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Clapton has focused on one Ferrari model in particular, the 512 BB. He has owned three of them, Ferrari says, and so the new one was meant to incorporate the best of that model with a dash of 458 Italia thrown in.
Want one of your own? Ferrari wants to remind all that it has a custom-build program. We suspect all you have to do is ask for the "EC" and they'll know what you're talking about. Remember, though, if you have to ask the price, you can't afford it: the price of Clapton's prancing horse wasn't disclosed.
That's a huge prize from a company like Honda that prides itself on its Japanese heritage. The original NSX, in fact, was also intended as proof that a humble brand like Honda could run with the likes of Ferrari.
The new NSX will be a stunning yet cunning beast. Rather than a huge V-8 or V-10, it will be built so light and nimble that a V-6 will provide plenty of power, plus fuel economy to match thanks to its hybrid system, Acura says.
The car, due to hit the streets in about three years, will also have its share of technological breakthroughs. Chief among them will be multiple electric motors configured to enhance the performance of the all-wheel-drive system. They will be independently controlled by the car's computer and be able to send more power to the outside wheels in tight turns to make the car even more maneuverable. Honda calls it the Sport Hybrid-All Wheel Drive system, or SH-AWD.
"This sport hybrid SH-AWD system will make NSX the ultimate expression of Acura's idea to create synergy between man and machine," said Honda CEO Takanobu Ito in a statement.
No word yet on price. The original NSX cost $90,000 when it was produced from 1990 to 2005. It was capable of 175 miles per hour.
Although it is a Japanese company, Honda has long built Civic and other models in Marysville, Ohio.
While its name may be an unappealing mouthful, this coupe certainly deserves the title "supercar."
The new McLaren MP4-12C stays flat, even in the tightest turns, and accelerates in breathtaking bursts on the Auto Club Speedway in this town east of Los Angeles.
PHOTO GALLERY: More of the supercar
VIDEO: See the supercar in action
The twin-seat coupe, which starts at $231,400 with shipping, would look far more at home on a Grand Prix course than on a workday commuter route. Yet it was designed to be at home in both places.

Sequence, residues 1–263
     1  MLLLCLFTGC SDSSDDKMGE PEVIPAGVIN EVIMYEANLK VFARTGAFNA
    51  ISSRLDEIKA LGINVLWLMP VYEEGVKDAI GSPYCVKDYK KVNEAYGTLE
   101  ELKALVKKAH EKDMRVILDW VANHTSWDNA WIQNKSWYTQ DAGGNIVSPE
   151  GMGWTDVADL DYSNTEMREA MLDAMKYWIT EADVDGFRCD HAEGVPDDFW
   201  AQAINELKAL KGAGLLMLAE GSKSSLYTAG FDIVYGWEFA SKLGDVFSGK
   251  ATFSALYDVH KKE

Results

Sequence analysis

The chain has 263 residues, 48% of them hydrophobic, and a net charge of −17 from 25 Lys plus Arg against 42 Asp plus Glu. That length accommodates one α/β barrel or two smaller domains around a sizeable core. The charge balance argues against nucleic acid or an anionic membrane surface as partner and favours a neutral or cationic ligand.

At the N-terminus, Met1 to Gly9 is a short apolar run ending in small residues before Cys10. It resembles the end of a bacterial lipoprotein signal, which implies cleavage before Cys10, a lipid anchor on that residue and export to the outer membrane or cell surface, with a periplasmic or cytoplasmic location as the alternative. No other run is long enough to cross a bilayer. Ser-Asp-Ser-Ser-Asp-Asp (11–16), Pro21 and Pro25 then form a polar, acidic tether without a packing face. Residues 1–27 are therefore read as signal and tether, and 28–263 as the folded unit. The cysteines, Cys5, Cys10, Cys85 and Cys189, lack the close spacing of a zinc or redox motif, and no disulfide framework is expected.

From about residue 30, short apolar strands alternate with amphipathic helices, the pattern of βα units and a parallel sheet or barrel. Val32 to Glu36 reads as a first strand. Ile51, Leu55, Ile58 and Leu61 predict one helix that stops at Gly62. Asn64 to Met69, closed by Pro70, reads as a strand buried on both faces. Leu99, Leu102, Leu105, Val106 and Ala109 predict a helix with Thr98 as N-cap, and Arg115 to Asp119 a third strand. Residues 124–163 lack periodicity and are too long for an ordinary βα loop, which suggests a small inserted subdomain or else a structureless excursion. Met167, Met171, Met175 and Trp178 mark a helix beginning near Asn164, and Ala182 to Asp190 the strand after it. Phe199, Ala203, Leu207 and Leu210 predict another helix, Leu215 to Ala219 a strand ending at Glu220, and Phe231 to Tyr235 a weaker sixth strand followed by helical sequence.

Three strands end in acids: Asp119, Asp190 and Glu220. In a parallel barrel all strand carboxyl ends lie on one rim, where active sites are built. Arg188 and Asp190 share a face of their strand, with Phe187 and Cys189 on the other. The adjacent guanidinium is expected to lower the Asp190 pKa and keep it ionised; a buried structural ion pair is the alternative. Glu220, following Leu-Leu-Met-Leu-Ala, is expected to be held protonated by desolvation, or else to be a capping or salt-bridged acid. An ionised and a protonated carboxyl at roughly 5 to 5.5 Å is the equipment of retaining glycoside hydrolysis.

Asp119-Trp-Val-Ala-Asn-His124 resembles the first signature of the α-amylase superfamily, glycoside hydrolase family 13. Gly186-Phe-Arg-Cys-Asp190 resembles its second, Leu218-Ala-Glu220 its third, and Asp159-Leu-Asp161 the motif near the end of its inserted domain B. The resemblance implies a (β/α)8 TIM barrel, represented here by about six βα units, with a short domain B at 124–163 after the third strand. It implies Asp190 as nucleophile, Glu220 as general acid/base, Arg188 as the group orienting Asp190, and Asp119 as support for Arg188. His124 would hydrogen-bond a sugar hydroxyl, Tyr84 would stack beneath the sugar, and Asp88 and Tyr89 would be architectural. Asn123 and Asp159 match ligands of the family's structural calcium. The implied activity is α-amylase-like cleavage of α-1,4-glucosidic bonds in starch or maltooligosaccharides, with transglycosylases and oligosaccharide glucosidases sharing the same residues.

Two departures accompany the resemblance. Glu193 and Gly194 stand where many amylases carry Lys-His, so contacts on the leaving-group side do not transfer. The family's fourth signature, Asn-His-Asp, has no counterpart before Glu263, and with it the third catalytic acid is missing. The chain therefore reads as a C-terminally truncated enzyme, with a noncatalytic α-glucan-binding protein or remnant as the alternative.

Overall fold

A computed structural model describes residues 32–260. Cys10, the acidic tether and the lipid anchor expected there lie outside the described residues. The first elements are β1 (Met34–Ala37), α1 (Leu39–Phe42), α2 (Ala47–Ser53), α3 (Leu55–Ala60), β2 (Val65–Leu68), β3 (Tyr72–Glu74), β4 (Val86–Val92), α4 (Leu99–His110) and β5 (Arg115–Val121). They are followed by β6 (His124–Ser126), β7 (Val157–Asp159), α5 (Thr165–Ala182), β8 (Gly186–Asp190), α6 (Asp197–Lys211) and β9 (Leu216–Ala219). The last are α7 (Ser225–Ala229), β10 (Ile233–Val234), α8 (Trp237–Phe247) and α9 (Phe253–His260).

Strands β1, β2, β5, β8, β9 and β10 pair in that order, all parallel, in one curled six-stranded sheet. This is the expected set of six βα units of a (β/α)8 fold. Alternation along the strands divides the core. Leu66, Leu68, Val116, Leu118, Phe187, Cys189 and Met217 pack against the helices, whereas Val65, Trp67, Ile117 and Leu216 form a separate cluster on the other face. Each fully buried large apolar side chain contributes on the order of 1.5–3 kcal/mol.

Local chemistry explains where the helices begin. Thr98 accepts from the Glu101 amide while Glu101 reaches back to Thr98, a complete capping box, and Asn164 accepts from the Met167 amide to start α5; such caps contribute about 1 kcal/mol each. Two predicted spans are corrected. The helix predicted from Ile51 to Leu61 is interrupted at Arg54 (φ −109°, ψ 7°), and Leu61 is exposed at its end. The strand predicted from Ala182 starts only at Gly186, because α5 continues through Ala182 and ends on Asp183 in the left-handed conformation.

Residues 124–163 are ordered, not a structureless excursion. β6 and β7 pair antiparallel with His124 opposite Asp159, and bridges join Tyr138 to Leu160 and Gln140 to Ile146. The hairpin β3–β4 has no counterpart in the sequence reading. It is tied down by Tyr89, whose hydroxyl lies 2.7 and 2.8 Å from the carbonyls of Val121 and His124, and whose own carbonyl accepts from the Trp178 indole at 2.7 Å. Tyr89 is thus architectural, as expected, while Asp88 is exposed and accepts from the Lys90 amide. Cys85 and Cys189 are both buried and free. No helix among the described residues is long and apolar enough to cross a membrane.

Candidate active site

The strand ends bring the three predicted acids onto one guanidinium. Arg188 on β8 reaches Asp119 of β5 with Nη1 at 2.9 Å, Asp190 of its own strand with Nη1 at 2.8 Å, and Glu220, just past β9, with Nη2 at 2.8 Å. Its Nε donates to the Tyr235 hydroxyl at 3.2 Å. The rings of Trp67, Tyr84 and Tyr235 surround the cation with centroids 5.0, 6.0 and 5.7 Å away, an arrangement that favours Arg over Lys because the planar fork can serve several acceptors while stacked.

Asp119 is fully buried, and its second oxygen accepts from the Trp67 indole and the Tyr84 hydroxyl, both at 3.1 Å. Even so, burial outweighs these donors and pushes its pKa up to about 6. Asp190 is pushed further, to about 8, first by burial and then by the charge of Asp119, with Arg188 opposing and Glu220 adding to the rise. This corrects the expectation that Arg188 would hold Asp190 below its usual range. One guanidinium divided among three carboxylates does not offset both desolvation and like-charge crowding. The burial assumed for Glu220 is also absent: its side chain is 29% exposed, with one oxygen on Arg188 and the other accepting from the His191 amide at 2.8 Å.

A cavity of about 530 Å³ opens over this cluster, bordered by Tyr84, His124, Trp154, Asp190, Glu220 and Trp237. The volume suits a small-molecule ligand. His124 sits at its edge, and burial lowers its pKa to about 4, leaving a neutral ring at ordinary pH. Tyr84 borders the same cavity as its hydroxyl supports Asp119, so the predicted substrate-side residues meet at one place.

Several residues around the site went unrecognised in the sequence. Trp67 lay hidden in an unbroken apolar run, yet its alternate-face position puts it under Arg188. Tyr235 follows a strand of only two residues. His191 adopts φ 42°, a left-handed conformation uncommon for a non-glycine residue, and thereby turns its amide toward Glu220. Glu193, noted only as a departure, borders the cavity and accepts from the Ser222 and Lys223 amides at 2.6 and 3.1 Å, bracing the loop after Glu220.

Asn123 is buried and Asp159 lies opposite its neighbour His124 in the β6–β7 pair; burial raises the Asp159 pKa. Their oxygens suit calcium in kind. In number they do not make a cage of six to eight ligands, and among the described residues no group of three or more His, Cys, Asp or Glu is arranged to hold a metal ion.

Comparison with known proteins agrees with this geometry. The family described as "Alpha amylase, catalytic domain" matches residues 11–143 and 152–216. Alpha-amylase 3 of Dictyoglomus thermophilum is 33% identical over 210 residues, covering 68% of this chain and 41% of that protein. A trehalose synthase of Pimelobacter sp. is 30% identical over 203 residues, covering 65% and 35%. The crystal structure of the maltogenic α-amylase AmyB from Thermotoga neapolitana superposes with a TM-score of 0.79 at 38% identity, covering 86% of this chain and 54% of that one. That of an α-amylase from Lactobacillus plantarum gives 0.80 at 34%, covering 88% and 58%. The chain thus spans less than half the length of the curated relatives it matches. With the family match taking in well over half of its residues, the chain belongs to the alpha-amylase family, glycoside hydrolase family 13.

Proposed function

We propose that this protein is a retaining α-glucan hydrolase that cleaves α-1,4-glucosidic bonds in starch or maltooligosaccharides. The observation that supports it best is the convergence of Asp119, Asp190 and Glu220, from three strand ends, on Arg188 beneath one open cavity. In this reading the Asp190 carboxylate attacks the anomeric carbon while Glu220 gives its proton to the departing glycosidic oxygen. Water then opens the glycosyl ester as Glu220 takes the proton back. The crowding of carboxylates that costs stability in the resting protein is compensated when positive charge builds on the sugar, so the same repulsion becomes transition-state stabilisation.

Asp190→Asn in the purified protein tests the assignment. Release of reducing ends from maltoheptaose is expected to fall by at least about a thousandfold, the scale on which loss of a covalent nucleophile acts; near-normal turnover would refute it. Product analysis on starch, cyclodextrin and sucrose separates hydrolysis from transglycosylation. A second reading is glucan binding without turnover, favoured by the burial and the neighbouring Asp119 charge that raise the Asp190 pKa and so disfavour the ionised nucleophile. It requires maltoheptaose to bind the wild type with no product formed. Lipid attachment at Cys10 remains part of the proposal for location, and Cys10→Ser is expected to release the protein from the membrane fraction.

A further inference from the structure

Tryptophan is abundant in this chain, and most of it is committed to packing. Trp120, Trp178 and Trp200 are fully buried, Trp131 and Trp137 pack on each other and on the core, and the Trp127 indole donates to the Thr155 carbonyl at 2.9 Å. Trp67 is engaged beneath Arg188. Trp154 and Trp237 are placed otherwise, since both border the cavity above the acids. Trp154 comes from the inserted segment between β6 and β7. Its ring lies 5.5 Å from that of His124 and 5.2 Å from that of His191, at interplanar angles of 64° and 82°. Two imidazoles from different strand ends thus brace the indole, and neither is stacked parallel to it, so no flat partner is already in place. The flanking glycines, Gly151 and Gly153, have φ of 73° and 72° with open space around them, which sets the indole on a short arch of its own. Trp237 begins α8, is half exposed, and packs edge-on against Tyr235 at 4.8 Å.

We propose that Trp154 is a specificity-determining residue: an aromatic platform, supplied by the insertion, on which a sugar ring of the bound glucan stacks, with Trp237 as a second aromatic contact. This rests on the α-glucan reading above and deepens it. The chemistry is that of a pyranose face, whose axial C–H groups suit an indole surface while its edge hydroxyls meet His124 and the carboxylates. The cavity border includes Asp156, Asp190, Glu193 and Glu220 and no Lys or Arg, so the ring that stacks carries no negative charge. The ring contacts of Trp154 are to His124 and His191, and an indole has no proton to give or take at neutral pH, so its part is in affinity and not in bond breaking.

The MP4-12C is both the "ultimate sports car" and "a car you can drive every day," says Anthony Joseph, McLaren Automotive's regional director for North America. "It's a car with a dual personality."
The road car is McLaren Automotive's first branded model as an independent, privately owned company since Mercedes-Benz let go of its 40% stake two years ago. If McLaren is to meet its goal now of a new model every year, the MP4-12C must succeed.
Since deliveries began late last year, about 1,000 cars have rolled out of McLaren's factory in Woking, England. The company is shooting for production of about 4,000 cars a year by mid-decade. But it is competing with a growing list of rivals for well-heeled supercar buyers. Others besides the Ferrari 458 are the Audi R8 GT, Lamborghini Aventador LP 700-4, Lexus LFA and Mercedes-Benz SLS AMG.
To stand out in that rarefied field, McLaren officials say they were meticulous in every detail ? and arguably obsessive when it came to cutting weight:
Example: The magnesium dashboard, 75% lighter than steel, is so light that "you can pick it up with two fingers," says Antony Sheriff, McLaren's managing director.
Instead of the lead-acid battery found in most cars, McLaren used a small lithium-ion battery like those used in hybrids because it's about 22 pounds lighter.
The driver and passenger sit in a carbon-fiber "tub" chassis that offers protection and rigidity but weighs only 160 pounds. The car was designed to not need anti-sway bars. Even the upward-opening doors feel as though they weigh only a few pounds.
While it's lightweight, it packs a punch. For the U.S. market, the 12C has a twin-turbocharged V-8 paired with a dual-clutch gearbox that rockets the car from 0 to 62 miles per hour in 3.2 seconds and to 124 mph in 9.1. Top speed in the U.S. is 205 mph, slightly more in other markets. And its brakes can haul it down from 62 to 0 in a mere 100 feet.
Gas mileage, of course, is nothing to shout about, but good enough to avoid the federal gas guzzler tax: a rating of 15 miles per gallon of premium in the city, 22 highway, 18 in mixed driving.
"This is about designing a car that's as light and powerful as possible," Sheriff says. "We really have an incredible amount of know-how. We really do sweat the details."
That extends inside, where the instruments were designed for simplicity. There are no buttons on the steering wheel to minimize driver distraction. Air-conditioning and heating controls are on the doors, while powertrain and suspension settings are in the center console to minimize confusion.
The ideas come from McLaren's racing heritage. The company traces its roots to 1964, when New Zealand-born racer Bruce McLaren built his first true sports car, the M1A. More racers followed, with McLaren becoming a star. He died in a racing accident in Goodwood, England, in 1970, but his company raced on.